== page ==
One issue that universities all over the United States face today is how their beginning math courses have become student obstacles to earning a degree, and in particular, a degree in science, technology, engineering, and mathematics (STEM). There are a number of reasons for this barrier, some of which started long before students entered college. However, much can be done at the collegiate level to tear down this wall without giving up high quality mathematics instruction demanded by many degree disciplines.
Last week I had an opportunity to visit a university that is working hard to improve its beginning math courses: Michigan State University. After hearing about their programs, I think MSU is one of the universities at the forefront in the country in this effort, not only for its courses for non-STEM majors, but also for the way it is increasing access for students who wish to pursue a STEM major.
MSU is trying to make math relevant again for its non-STEM majors. Instead of solving yesterday’s generic word problems, students are now modeling and solving problems involving math they will need for experiences they will encounter later in life. MSU is near the beginning of this journey, and will likely (and self-admittedly) need a few midcourse corrections, but the university is definitely headed in the right direction. As the lead curriculum writer and mathematician of the PK-12 Eureka Math curriculum, I have seen first hand the difference this makes: students go from seeing math as “something they have to take” to “a valuable course they want to take.”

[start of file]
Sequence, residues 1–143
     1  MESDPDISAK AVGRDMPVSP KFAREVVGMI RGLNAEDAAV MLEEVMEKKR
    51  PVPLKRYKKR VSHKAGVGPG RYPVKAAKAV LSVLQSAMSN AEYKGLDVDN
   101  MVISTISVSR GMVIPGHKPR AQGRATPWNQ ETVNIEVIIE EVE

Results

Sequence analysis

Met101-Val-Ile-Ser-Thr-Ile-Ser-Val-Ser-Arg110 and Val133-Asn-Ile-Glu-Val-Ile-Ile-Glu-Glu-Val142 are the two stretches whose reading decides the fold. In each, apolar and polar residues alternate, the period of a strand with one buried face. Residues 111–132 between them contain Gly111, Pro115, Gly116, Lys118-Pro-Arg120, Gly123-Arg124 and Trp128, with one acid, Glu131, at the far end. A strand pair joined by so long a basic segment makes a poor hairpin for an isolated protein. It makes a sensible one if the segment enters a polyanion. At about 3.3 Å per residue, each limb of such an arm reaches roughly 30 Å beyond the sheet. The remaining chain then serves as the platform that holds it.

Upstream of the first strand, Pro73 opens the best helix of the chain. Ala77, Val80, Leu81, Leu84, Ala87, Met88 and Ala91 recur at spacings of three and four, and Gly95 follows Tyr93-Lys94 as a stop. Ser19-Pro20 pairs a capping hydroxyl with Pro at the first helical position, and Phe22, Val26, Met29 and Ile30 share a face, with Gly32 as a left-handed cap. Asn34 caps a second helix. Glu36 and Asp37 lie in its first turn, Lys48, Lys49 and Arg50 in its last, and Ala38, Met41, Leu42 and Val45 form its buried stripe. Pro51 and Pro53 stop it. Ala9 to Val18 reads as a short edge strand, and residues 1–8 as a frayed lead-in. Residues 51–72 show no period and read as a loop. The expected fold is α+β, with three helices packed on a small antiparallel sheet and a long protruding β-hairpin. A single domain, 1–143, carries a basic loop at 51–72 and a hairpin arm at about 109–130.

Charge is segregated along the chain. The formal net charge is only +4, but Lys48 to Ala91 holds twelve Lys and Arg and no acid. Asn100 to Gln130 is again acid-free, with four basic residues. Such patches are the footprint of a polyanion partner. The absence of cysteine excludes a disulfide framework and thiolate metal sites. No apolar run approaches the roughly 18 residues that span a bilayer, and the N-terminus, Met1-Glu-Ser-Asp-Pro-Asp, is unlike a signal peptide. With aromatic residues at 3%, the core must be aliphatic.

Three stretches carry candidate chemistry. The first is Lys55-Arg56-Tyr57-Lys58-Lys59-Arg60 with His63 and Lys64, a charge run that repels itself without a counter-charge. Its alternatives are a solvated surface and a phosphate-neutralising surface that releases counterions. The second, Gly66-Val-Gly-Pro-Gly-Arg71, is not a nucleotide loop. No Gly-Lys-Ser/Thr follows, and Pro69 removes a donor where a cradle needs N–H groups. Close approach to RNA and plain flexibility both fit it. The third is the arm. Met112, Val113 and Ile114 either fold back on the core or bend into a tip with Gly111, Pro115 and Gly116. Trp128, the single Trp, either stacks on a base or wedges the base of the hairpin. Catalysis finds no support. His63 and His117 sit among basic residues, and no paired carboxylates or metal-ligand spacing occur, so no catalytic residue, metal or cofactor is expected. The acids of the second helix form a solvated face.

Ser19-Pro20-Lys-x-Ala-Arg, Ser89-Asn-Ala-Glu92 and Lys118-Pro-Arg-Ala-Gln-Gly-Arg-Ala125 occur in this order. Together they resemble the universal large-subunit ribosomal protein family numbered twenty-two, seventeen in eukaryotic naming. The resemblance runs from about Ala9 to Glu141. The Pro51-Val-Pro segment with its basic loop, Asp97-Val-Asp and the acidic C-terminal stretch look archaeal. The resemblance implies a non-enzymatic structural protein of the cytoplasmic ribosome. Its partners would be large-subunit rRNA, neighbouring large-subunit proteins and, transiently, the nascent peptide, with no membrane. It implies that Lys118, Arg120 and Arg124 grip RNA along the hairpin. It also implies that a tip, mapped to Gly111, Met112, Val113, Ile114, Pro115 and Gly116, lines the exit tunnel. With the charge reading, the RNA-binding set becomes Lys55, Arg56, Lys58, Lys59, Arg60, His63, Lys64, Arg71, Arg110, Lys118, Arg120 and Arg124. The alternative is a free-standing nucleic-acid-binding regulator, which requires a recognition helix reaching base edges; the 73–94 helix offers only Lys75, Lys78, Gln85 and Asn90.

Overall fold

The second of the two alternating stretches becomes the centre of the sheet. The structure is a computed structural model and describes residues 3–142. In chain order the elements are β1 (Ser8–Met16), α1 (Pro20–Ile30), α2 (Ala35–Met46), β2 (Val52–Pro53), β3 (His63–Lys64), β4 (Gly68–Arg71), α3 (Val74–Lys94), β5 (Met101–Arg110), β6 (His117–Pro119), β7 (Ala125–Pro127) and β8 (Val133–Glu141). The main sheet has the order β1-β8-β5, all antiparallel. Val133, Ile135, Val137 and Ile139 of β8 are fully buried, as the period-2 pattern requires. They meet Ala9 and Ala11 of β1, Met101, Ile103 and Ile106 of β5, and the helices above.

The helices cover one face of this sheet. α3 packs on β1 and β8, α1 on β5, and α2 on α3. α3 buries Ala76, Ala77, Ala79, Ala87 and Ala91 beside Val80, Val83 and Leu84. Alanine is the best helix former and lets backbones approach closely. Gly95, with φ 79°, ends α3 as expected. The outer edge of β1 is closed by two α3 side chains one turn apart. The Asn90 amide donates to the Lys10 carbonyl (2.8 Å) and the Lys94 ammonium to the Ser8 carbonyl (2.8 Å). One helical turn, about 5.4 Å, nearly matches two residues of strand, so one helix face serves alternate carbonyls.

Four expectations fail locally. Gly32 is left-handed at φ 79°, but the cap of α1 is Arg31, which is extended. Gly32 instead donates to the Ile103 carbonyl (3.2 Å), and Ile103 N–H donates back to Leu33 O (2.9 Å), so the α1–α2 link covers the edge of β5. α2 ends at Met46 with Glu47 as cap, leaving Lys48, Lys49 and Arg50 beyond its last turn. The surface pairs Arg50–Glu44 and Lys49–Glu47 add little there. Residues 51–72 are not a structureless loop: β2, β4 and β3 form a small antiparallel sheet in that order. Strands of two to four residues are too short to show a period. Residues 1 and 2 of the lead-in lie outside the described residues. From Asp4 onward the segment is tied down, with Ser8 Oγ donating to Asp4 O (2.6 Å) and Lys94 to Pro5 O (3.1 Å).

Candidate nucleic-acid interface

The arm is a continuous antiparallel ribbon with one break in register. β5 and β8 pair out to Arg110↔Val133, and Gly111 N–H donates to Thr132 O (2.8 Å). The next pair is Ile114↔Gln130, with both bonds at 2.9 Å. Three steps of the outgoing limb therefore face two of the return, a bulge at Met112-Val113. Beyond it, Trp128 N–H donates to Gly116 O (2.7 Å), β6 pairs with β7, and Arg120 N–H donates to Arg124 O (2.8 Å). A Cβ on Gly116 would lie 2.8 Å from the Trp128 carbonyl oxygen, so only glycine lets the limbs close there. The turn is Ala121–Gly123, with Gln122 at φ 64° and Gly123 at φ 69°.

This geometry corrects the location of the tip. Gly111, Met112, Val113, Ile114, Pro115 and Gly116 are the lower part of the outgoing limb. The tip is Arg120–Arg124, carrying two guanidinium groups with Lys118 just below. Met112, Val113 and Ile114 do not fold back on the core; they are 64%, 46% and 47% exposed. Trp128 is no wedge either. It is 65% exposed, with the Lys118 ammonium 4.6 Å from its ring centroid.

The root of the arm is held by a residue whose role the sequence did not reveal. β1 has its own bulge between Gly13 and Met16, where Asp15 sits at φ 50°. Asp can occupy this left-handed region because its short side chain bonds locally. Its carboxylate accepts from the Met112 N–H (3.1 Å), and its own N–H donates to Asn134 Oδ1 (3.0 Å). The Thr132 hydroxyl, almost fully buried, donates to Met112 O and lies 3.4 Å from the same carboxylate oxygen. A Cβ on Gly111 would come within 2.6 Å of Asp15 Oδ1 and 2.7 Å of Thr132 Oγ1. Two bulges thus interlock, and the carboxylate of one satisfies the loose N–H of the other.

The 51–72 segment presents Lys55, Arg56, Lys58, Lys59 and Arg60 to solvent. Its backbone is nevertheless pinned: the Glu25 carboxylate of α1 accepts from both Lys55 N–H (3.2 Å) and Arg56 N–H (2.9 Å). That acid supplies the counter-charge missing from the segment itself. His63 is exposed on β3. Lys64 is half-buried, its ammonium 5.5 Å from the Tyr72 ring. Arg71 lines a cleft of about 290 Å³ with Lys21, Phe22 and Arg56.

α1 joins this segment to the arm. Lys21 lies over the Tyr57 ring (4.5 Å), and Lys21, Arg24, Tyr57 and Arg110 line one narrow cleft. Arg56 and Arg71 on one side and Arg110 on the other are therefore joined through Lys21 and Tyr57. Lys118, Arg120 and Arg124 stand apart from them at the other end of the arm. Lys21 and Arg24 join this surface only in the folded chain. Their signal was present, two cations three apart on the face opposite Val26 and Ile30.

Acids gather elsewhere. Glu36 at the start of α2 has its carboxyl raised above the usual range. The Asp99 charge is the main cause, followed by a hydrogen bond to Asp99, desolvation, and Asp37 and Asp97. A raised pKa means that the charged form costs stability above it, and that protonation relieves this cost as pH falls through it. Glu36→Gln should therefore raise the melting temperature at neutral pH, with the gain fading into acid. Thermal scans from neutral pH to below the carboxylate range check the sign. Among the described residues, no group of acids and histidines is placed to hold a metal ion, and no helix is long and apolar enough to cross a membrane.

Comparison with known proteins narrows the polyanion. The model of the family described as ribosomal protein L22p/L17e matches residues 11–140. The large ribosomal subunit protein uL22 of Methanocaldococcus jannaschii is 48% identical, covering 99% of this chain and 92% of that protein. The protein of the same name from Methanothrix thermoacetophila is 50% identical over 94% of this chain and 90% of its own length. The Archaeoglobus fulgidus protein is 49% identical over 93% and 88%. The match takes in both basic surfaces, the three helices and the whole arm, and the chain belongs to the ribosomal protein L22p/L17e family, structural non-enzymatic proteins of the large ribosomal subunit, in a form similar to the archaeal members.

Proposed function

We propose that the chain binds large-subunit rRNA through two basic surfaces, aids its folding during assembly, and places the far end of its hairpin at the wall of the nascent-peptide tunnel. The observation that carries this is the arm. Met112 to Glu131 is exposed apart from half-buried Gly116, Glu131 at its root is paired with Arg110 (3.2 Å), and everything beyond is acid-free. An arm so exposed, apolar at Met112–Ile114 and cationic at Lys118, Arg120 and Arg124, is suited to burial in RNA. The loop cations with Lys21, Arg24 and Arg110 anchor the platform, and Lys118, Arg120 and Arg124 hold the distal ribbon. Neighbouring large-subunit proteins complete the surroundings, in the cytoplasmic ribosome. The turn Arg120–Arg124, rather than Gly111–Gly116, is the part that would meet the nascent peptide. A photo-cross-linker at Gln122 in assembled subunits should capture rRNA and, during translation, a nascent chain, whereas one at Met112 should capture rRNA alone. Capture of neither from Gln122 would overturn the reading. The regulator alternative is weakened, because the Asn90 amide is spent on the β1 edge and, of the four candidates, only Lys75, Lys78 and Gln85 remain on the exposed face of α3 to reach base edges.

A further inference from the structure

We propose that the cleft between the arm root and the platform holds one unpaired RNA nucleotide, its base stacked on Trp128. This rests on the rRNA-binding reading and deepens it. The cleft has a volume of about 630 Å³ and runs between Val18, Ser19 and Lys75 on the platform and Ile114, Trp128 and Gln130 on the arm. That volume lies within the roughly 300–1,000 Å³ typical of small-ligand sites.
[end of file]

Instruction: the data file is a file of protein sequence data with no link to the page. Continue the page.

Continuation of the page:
Increasing student access to STEM majors involves much more than just what happens at the university level. For example, my curriculum, Eureka Math, is specifically designed to produce college-ready students who are ready to become the next generation scientists and engineers. MSU is thinking about this issue at both the university and pre-university level. At the university level, MSU is looking at ways to shorten the time period between when students start college and when they enter their first calculus course—a gateway course to many STEM fields. This shorten timescale can mean the difference between taking 5 or 6 years to get a STEM degree and the usual 4-year timeframe. And MSU is trying to do this in a way that still ensures that students arriving to Calc I are ready for the course.
Congratulations to MSU on its efforts. I encourage my readers to visit the Mathematics Department at MSU or the Program in Mathematics Education (PRIME) to learn more about the university. Math is not the only field where MSU is making positive changes–check here for engineering and here for chemistry. Go Spartans!
CHANNEL: That’s News to Me
© 2016 Scott Baldridge
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